• Cities where we stayed for more than three nights. (We tried to do this as much as we could.) Typically, when we landed in these cities, we were all tired and ready to get groceries for the week and then crash in the Airbnb. I’d always use that first day to plan out what we’d do in the city. Resources like TripAdvisor makes it so easy to find the top things to see and the top places to eat in the area! My philosophy was to try to see the top 15 things in each city, unless it was something that simply didn’t interest us whatsoever. When possible, I also think it’s good to plan rest days, or days to walk around and explore without any set agenda. Just enjoying the vibrancy and atmosphere of an unfamiliar city can be really enjoyable.
  • Cruise days. When we were on cruises, we mostly avoided “excursions,” because we found them to be rip-offs (that’s a whole another post). Basically, we just planned our days ourselves, whenever possible.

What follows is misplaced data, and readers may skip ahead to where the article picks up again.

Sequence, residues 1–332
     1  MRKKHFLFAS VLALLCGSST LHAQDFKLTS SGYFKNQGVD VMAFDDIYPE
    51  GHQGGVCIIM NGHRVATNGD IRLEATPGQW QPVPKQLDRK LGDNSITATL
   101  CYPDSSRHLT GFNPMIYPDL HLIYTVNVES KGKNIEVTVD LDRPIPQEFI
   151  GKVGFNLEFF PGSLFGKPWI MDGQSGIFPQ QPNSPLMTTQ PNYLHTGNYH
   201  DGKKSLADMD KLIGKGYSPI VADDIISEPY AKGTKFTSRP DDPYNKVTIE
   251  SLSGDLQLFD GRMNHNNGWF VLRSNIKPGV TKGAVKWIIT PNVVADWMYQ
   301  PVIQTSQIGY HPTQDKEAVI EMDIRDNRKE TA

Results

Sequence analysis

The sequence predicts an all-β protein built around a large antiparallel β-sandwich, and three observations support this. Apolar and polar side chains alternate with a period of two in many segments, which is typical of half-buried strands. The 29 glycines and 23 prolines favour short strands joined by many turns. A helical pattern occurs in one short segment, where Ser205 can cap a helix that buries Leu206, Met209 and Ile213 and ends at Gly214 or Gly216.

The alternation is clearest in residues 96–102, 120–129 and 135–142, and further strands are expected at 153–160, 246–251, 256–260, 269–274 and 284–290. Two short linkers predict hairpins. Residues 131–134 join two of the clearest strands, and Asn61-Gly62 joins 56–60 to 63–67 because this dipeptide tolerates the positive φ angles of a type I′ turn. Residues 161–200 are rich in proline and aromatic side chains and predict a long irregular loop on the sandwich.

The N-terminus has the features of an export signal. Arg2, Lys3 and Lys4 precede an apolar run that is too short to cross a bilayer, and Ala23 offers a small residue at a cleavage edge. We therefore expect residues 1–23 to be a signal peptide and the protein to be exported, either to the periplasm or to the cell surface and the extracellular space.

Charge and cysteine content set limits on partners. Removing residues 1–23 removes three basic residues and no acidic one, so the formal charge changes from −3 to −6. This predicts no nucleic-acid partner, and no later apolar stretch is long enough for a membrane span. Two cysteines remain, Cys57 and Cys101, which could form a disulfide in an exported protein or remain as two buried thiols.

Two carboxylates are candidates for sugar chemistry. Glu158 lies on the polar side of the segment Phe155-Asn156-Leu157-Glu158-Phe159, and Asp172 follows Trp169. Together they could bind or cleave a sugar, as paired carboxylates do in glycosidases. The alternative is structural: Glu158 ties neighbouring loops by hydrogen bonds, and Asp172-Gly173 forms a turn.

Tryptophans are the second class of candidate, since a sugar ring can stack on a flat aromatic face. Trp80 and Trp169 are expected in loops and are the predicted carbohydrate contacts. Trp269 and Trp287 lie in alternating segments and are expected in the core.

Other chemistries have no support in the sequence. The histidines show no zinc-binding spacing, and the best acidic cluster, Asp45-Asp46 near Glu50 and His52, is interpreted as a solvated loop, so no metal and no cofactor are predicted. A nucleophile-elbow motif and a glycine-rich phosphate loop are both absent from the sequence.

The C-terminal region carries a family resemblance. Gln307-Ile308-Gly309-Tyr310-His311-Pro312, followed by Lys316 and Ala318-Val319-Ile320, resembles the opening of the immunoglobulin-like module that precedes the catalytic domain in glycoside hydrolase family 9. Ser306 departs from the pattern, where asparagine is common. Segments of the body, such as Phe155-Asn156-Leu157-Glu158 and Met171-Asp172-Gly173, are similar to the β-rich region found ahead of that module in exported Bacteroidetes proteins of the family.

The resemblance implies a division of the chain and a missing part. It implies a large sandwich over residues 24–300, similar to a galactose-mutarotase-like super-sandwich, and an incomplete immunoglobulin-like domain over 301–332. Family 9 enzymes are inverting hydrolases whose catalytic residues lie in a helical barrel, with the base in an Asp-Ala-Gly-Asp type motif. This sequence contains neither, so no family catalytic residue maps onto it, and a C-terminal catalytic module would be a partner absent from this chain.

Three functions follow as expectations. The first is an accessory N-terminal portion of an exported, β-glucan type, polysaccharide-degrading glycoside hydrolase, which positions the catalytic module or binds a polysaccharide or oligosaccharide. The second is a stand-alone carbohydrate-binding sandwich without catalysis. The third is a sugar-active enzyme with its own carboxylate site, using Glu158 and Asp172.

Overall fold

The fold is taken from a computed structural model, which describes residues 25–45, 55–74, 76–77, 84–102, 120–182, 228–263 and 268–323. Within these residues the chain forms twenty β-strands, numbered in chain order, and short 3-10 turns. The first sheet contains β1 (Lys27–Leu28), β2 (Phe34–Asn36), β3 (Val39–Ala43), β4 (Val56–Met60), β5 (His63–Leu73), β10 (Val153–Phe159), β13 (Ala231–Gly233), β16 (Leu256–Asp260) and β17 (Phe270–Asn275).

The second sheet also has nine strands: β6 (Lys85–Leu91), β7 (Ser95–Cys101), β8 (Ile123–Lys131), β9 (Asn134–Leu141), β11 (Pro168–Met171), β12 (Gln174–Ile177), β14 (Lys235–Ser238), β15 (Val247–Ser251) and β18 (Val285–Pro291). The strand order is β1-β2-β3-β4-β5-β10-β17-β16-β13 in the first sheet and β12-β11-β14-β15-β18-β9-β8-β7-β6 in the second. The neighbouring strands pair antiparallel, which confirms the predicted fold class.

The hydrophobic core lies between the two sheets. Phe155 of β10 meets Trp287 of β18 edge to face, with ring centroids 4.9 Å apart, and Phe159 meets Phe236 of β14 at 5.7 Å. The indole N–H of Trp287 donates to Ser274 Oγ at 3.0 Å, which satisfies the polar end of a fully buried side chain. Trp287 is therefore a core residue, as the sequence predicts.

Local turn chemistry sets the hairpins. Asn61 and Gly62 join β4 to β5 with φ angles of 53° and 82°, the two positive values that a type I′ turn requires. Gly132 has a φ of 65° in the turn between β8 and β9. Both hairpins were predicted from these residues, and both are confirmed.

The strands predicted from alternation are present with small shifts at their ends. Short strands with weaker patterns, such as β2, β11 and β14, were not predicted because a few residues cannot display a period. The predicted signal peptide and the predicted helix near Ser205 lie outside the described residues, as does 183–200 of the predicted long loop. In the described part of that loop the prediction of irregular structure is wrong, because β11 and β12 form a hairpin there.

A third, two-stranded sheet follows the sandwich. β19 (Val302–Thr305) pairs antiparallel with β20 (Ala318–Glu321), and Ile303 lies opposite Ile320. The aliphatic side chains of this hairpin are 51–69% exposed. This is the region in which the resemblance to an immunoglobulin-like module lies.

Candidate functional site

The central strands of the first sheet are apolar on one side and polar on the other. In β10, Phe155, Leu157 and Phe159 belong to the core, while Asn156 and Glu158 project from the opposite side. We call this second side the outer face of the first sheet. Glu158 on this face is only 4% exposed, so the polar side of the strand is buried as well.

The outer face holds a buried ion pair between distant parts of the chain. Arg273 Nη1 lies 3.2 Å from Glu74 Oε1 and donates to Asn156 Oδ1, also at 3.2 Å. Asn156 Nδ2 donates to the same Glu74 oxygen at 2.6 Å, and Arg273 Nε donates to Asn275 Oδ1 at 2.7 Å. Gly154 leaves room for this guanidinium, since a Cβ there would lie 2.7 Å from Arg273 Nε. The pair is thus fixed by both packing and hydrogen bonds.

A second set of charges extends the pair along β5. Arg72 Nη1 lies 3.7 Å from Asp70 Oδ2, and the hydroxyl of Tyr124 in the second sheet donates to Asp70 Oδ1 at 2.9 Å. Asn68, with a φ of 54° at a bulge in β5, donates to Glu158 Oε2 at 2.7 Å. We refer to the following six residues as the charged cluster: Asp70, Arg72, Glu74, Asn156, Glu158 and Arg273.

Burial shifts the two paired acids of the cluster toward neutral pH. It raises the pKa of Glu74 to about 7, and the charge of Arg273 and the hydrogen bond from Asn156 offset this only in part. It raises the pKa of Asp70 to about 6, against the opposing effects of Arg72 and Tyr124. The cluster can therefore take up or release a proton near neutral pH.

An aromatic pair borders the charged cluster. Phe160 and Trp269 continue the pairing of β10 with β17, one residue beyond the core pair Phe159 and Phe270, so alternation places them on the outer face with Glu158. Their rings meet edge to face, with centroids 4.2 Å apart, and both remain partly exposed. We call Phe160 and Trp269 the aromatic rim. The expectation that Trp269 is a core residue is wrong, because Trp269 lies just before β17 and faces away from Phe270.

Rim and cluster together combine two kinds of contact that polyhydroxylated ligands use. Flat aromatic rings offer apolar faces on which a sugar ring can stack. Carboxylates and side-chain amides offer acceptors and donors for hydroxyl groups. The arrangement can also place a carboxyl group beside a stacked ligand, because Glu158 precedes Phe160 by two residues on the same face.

• Places where we weren’t sure how to get around. There were some places where we just weren’t as sure what to do or how to get around—specifically a on a safari to Botswana and a trip to Victoria Falls. Here, we used tour guides to arrange things like safaris and private drivers. In hindsight, I could have booked these things myself, but having tour guides helped give us some peace of mind. They helped us get started, and next time I think we can handle all the arrangements ourselves.
Getting ready to snorkel the great barrier reef

To wrap this up, I recommend having one person shoulder the load for planning—ideally someone who really enjoys it, like I do! But also keep the lines of communication open and adjust as your trip goes on. You may both decide that you’re really just not that interested in a particular city, or your spouse may want to have a spa day. It’s important to remain open to these things. Always talk things out before you book: Make sure you’re taking the trip you both want, not the trip that just you want!

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darren

Wonderful, you make a trip across the world just in 8.5 months, it’s truly amazing!

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Great post, keep up the good work!!